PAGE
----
Deja Taylor, the mother of the 6-year-old that shot teacher Abby Zwerner at Richneck Elementary School on Jan. 6, spoke in an exclusive interview to Good Morning America on Wednesday.
"He has ADHD. Some are able to have it at a very mild rate," Taylor told ABC's Linsey Davis in the interview.
The student was under a care plan at the school that required his mother or father to be in class with him. The week of the shooting was the first week his family didn't attend class with him.
"He had started medication and he was meeting his goals academically," Taylor said, when asked why he was in class without a parent.
Taylor said that her son "actually really liked" Zwerner, but felt like he was being ignored. Taylor described an incident her son had with Zwerner that led to him being suspended.
Zwerner had asked the student to sit down, and he then "threw his arms up, he said fine and when he threw his arms up, he knocked her phone out of her hand, on accident. And he got suspended for that," said Taylor.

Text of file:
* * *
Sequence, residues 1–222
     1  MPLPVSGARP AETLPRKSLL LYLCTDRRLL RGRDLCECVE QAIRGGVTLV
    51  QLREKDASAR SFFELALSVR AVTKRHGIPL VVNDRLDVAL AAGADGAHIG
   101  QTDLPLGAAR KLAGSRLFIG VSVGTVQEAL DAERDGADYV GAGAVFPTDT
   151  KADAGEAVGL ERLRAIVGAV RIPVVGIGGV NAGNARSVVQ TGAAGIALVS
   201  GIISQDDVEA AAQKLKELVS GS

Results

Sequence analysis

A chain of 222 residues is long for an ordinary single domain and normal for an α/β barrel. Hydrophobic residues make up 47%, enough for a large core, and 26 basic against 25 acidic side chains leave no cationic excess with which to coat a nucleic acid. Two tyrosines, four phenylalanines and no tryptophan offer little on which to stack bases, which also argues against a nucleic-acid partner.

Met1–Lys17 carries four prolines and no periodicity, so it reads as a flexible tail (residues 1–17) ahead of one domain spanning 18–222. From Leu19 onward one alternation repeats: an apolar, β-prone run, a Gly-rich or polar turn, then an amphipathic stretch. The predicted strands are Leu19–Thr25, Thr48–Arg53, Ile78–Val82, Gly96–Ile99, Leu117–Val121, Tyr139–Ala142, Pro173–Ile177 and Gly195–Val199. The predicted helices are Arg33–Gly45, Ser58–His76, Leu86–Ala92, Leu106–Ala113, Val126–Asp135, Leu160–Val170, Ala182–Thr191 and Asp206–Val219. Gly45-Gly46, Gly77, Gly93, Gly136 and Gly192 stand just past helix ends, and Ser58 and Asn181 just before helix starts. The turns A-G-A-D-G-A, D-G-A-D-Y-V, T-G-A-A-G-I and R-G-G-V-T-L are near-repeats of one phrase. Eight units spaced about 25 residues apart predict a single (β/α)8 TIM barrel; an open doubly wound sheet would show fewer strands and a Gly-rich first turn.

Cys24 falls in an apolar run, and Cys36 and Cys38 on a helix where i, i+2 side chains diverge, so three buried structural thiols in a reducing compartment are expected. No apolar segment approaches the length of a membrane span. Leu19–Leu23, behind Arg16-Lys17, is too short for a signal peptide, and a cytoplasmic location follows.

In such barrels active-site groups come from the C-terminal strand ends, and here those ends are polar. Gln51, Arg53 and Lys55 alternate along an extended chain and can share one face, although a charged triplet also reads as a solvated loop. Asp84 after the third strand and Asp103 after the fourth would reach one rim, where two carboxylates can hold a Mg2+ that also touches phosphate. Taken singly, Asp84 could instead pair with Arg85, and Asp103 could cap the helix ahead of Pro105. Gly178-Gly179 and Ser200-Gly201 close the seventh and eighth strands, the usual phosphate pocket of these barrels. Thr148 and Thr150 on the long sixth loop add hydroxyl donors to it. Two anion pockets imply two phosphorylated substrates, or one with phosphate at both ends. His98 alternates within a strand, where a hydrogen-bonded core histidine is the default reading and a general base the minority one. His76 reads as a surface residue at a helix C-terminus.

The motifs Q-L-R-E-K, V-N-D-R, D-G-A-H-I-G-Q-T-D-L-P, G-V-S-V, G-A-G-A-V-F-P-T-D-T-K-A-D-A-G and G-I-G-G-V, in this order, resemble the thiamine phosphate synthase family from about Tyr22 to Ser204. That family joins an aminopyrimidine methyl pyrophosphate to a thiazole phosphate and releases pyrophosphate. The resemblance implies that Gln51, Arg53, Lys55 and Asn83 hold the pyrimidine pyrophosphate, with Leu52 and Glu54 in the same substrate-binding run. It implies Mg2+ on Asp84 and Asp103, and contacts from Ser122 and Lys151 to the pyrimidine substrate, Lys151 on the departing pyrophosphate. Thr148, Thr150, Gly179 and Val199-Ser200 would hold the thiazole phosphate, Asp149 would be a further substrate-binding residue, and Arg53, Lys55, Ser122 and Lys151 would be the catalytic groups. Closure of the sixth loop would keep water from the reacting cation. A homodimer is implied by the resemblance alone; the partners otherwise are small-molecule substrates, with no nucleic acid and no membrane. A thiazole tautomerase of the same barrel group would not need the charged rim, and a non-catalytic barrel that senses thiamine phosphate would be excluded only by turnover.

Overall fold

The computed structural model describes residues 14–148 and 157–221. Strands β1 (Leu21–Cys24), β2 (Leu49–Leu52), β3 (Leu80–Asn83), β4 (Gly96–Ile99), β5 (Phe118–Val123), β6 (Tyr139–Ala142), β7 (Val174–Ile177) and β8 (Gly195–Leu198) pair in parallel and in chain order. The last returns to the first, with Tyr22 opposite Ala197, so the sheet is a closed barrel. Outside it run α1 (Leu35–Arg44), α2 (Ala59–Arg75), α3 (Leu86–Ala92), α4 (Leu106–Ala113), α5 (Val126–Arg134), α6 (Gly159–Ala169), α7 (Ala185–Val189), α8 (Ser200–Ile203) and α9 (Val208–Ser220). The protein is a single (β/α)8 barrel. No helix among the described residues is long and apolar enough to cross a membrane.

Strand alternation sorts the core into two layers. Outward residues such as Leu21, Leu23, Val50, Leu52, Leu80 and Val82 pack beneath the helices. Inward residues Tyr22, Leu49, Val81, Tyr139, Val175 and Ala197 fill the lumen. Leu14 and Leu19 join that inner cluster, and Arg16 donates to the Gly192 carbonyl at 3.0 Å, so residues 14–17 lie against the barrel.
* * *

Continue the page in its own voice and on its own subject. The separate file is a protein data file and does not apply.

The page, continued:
The grandfather of the 6-year-old said the boy doesn't talk about the day of the shooting.
When asked about the gun used, the family's attorney James Ellenson said "nobody knows" how he accessed the weapon.
When asked again, Ellenson responded, "We're not ready to discuss that at this point" adding "I don't know that any adult knows exactly how he got the gun."
Taylor says that as his parent, she accepts responsibility for his actions.
"That is my son, so I am, as a parent, obviously willing to take responsibility for him, because he can't take responsibility for himself," Taylor said.
When asked if the family had anything to say to Abby Zwerner, Taylor said they actually began forming a relationship due to her being in class with her son.
"I just truly would like to apologize that, you know, out of the incident she did get hurt," Taylor said.
"We were actually kind of forming like a relationship with me having to be in the classroom. She was a really bright person," Taylor said.
Taylor is facing charges of felony child neglect and recklessly leaving a firearm to endanger a child. If convicted, she faces up to six years in prison.
This story was originally published by Heather Eckstine of Scripps News Norfolk in Virginia.
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